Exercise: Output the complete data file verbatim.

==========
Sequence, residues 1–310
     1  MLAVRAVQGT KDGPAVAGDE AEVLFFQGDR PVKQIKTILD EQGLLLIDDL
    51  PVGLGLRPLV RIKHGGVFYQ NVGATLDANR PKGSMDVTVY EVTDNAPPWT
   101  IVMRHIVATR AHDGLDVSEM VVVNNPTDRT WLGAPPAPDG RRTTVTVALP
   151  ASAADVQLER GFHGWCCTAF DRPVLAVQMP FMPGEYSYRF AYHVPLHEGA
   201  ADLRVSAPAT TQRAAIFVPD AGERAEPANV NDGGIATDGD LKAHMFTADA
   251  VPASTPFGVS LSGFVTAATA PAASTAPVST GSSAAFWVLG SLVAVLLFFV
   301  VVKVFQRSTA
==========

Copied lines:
Sequence, residues 1–310
     1  MLAVRAVQGT KDGPAVAGDE AEVLFFQGDR PVKQIKTILD EQGLLLIDDL
    51  PVGLGLRPLV RIKHGGVFYQ NVGATLDANR PKGSMDVTVY EVTDNAPPWT
   101  IVMRHIVATR AHDGLDVSEM VVVNNPTDRT WLGAPPAPDG RRTTVTVALP
   151  ASAADVQLER GFHGWCCTAF DRPVLAVQMP FMPGEYSYRF AYHVPLHEGA
   201  ADLRVSAPAT TQRAAIFVPD AGERAEPANV NDGGIATDGD LKAHMFTADA
   251  VPASTPFGVS LSGFVTAATA PAASTAPVST GSSAAFWVLG SLVAVLLFFV
   301  VVKVFQRSTA